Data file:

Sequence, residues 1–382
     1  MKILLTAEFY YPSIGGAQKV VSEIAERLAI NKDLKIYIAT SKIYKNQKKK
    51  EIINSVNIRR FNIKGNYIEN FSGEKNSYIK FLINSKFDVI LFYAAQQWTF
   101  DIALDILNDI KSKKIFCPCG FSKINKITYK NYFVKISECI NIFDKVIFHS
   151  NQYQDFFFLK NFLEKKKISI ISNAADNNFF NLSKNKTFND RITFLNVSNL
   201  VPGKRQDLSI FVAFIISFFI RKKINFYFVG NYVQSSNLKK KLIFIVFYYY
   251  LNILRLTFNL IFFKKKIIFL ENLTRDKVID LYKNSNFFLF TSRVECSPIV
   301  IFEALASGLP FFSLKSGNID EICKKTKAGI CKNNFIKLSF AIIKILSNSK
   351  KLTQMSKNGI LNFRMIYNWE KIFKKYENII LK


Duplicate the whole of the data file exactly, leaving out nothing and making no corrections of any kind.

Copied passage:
Sequence, residues 1–382
     1  MKILLTAEFY YPSIGGAQKV VSEIAERLAI NKDLKIYIAT SKIYKNQKKK
    51  EIINSVNIRR FNIKGNYIEN FSGEKNSYIK FLINSKFDVI LFYAAQQWTF
   101  DIALDILNDI KSKKIFCPCG FSKINKITYK NYFVKISECI NIFDKVIFHS
   151  NQYQDFFFLK NFLEKKKISI ISNAADNNFF NLSKNKTFND RITFLNVSNL
   201  VPGKRQDLSI FVAFIISFFI RKKINFYFVG NYVQSSNLKK KLIFIVFYYY
   251  LNILRLTFNL IFFKKKIIFL ENLTRDKVID LYKNSNFFLF TSRVECSPIV
   301  IFEALASGLP FFSLKSGNID EICKKTKAGI CKNNFIKLSF AIIKILSNSK
   351  KLTQMSKNGI LNFRMIYNWE KIFKKYENII LK